Careers of commercially successful female entrepreneurs in context of underdeveloped markets and weak institutions

David Sarpong, Richard Nyuur, Mabel Kyeiwaa Torbor

Research output: Contribution to journalArticlepeer-review


Purpose: Careers have come to dominate contemporary discourse on gendered entrepreneurship. This paper aims to explore entrepreneurial careers as recounted by commercially successful female entrepreneurs to examine how they strategize to construct desirable careers in contexts characterized by underdeveloped markets and weak institutions. Design/methodology/approach: Using a qualitative research design, data for our inquiry come from publicly available life history accounts of 20 female entrepreneurs appearing on an enterprise focus television show in Nigeria. The authors supplemented the television interview data with archival data in the form of publicly available digital footprints of the entrepreneurs collected from their company websites, magazines, online newspapers featuring these entrepreneurs and their social media pages such as LinkedIn, Wikipedia, Facebook and Instagram. Findings: The careers of female entrepreneurs operating in context of underdeveloped institution and markets, the authors found, are characterized by four heterogeneous ingrained dispositions and actions reflecting how they got in and got on with their entrepreneurial careers: (1) “Observing and playing business,” (2) traipsing the “path less traveled,” (3) a hook to the “Pierian spring” of entrepreneurship and (4) “Grace under pressure” in decision-making. Originality/value: The authors contribute to the entrepreneurship literature by providing insight into the lived experiences, agency and careers of commercially successful female entrepreneurs as played out in the form of a contextual practice of “wayfinding” to starting up and managing their own business ventures.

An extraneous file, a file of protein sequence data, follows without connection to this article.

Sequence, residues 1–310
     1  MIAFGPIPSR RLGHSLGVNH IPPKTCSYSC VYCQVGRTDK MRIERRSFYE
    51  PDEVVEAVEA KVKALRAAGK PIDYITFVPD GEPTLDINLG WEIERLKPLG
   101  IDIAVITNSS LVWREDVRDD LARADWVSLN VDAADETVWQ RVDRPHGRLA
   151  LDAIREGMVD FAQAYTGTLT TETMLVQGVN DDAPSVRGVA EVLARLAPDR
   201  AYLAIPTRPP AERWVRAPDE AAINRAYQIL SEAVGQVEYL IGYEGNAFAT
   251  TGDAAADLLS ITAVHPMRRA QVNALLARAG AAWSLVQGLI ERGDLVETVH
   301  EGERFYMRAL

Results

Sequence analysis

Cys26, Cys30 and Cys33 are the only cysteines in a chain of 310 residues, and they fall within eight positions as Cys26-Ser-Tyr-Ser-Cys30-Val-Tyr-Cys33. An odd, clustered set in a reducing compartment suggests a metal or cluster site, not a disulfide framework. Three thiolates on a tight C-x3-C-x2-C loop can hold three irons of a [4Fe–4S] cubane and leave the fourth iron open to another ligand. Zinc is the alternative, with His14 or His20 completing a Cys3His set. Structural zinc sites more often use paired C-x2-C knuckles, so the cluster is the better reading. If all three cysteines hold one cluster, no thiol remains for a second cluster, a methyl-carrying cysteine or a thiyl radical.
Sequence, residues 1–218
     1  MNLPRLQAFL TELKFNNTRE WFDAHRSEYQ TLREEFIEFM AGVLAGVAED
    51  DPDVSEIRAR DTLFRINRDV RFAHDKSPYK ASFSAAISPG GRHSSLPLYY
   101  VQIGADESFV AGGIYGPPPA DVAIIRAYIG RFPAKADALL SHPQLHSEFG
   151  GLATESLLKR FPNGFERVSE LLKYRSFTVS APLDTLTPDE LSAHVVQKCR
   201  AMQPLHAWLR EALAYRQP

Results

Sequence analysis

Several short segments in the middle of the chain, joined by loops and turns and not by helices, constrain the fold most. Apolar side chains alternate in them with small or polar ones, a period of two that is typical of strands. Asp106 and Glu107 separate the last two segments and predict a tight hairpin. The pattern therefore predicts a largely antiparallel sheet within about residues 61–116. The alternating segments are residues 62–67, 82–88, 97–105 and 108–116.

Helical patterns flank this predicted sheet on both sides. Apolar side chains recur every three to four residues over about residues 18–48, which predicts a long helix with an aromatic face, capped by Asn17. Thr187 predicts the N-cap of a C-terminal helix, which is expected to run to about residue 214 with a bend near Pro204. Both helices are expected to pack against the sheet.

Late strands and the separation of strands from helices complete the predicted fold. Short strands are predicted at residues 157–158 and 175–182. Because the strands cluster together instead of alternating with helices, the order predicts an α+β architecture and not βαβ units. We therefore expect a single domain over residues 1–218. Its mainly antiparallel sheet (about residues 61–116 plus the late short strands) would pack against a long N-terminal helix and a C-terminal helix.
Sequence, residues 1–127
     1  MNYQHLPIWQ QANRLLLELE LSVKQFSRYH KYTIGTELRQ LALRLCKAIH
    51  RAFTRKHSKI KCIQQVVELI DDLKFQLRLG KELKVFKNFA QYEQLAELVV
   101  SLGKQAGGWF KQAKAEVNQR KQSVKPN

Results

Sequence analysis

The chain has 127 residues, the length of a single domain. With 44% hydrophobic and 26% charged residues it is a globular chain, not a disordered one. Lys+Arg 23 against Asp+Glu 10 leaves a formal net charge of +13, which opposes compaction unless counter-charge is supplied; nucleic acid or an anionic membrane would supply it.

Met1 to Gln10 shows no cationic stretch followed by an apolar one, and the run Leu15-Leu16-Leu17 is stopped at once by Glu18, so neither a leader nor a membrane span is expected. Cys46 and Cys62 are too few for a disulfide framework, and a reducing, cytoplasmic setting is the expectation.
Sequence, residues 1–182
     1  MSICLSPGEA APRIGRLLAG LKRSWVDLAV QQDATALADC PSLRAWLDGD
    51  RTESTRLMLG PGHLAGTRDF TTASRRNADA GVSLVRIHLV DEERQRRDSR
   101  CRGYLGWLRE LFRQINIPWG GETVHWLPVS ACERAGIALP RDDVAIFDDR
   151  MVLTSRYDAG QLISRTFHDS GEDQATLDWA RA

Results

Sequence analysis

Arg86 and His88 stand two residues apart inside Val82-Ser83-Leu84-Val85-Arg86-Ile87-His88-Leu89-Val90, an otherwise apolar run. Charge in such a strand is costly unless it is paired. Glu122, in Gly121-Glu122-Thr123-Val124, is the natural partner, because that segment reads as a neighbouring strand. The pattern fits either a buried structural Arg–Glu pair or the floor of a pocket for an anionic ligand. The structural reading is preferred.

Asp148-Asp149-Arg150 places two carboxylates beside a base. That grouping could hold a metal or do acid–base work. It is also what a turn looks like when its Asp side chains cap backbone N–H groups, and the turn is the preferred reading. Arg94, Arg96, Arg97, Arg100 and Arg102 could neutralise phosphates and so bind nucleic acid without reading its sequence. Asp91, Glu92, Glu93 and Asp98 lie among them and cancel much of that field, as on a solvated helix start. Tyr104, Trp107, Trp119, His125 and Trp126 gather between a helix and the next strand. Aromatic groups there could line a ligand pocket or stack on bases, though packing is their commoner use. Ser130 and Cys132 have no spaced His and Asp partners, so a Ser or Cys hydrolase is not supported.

Original languageEnglish
Pages (from-to)698-719
JournalInternational Journal of Entrepreneurial Behavior & Research
Issue number3
Early online date24 Dec 2021
Publication statusPublished - 29 Mar 2022

Bibliographical note

Copyright © Emerald Publishing Limited. This author's accepted manuscript is deposited under a Creative Commons Attribution Non-commercial 4.0 International (CC BY-NC) licence. This means that anyone may distribute, adapt, and build upon the work for non-commercial purposes, subject to full attribution. If you wish to use this manuscript for commercial purposes, please contact'.


  • Commercially successful entrepreneurs
  • Entrepreneurial careers
  • Life history
  • Lived experiences
  • Underdeveloped markets
  • Weak institutions


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